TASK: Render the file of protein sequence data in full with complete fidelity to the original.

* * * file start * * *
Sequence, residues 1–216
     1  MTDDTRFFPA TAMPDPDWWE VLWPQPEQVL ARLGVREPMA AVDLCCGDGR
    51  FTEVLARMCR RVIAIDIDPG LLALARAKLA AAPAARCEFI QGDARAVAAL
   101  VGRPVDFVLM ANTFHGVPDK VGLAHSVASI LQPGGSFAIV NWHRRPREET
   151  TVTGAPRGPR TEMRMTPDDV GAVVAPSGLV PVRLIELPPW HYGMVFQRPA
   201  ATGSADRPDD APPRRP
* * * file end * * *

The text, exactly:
Sequence, residues 1–216
     1  MTDDTRFFPA TAMPDPDWWE VLWPQPEQVL ARLGVREPMA AVDLCCGDGR
    51  FTEVLARMCR RVIAIDIDPG LLALARAKLA AAPAARCEFI QGDARAVAAL
   101  VGRPVDFVLM ANTFHGVPDK VGLAHSVASI LQPGGSFAIV NWHRRPREET
   151  TVTGAPRGPR TEMRMTPDDV GAVVAPSGLV PVRLIELPPW HYGMVFQRPA
   201  ATGSADRPDD APPRRP